The post-World War II era was especially damaging to the city. The collapse of the shipbuilding and other industries caused a dramatic decline in the population, from 1 million in 1950 to 750,000 today. Tenements were demolished and replaced by high-rise public-housing towers, visible throughout the city.Glasgow’s image was so negative that businesses considering a move to the city faced rebellion among those staff members who would be required to move there. A few brave souls ventured into the urban wilds to visit the architectural works of Charles Rennie Mackintosh, the pioneer of modern design, but then quickly made their way east to Edinburgh or north to the Highlands.

In the 19th century, Glasgow was the Second City in the British Empire. Its origins go back as far as the 6th century, when its patron saint, St. Mungo, founded a religious community near the River Clyde at a site that probably was already a small trading center.

Modern buildings in Glasgow include the Glasgow Royal Concert Hall, and along the banks of the Clyde are the Glasgow Science Centreand the Scottish Exhibition and Conference Centre, whose Clyde Auditorium was designed by Sir Norman Foster, and is known as the “Armadillo”. Zaha Hadid won a competition to design the new Riverside Museum to house the Glasgow Museum of Transport. Glasgow’s historical and modern architectural traditions were celebrated in 1999 when the city was designated UK City of Architecture and Design, winning the accolade over Liverpool and Edinburgh.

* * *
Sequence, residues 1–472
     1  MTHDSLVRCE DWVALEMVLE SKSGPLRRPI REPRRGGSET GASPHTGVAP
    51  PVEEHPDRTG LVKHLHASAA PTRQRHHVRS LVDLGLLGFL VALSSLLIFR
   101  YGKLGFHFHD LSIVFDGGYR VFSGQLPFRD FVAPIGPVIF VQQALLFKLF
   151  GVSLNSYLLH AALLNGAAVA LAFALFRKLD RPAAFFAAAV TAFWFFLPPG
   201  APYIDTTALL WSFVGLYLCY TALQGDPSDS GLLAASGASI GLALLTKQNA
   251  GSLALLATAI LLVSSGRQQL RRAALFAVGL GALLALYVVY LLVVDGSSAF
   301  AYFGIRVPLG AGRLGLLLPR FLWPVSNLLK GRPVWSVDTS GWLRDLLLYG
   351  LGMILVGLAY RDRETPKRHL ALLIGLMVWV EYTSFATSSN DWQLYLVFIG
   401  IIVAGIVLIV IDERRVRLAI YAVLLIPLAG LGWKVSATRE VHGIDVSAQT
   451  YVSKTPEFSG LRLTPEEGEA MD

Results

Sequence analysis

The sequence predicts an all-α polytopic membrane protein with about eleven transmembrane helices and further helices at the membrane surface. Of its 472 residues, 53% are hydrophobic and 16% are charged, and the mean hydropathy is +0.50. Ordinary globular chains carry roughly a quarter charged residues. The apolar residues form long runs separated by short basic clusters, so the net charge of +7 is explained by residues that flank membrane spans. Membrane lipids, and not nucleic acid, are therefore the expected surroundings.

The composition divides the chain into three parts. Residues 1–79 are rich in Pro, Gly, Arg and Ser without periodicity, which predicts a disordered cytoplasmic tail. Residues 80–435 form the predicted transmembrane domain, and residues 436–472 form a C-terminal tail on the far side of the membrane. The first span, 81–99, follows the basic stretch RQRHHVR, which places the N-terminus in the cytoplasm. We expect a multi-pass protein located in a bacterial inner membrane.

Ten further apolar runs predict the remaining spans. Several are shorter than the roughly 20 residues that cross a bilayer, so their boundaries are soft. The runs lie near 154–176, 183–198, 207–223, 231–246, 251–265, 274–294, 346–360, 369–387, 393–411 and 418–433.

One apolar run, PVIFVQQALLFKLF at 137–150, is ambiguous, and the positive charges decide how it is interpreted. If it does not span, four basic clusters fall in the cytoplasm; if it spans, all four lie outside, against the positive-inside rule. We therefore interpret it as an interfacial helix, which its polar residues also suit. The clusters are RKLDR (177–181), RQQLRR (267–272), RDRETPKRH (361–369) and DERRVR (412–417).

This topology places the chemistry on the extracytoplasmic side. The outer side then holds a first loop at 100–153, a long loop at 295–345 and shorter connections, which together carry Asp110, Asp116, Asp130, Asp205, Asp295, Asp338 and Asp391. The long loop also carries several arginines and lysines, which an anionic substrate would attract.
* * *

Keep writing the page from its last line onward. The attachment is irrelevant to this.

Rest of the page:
An Architectural Tour of Glasgow’s Neighbourhoods

City Centre Glasgow 

1. Glasgow City Chambers

Unveiled by Queen Victoria in 1888, Glasgow City Chambers is a delight for the eyes. A stunning display of Victorian civic architecture, this noble architectural landmark evolved from a competition and is the masterpiece of Scottish architect William Young. The building, which showcases a Beaux-arts style with its ornate Italianate features, mirrors the immense wealth accumulated from the historic industrial legacy associated with Glasgow. A grandiose staircase comprised of Carrara marble, mosaic ceilings, gold leaf accents, rich Spanish mahogany panelling, swathes of stained glass and pillars of granite, make up the grand Venetian-style decorations found inside.


2. Mitchell Library 

There’s a library, and then there’s Mitchell Library! This Edwardian Baroque temple of books was established in 1877, and boasts a vast array of windows, columns and a splendid bronze domed roof with ornate detailing. Perched atop this divine dome is Literature (or Minerva, the Roman goddess of wisdom), a bronze statue by Thomas Clapperton. An extension building was created between the years of 1972 and 1980.

The library, based in the Charing Cross district, was initially established in Ingram Street in 1877 following a bequest from Stephen Mitchell, a wealthy tobacco producer, whose company, Stephen Mitchell & Son, would become one of the constituent members of the Imperial Tobacco Company. Part of the original collection came from a purchase in 1874 by Glasgow Corporation of 1800 early books gifted to the University of Glasgow from the Glasgow philanthropist William Euing. New buildings were erected in North Street. A foundation stone was laid by Andrew Carnegie in September 1907.  The completed building was opened by Lord Rosebery on 16 October 1911.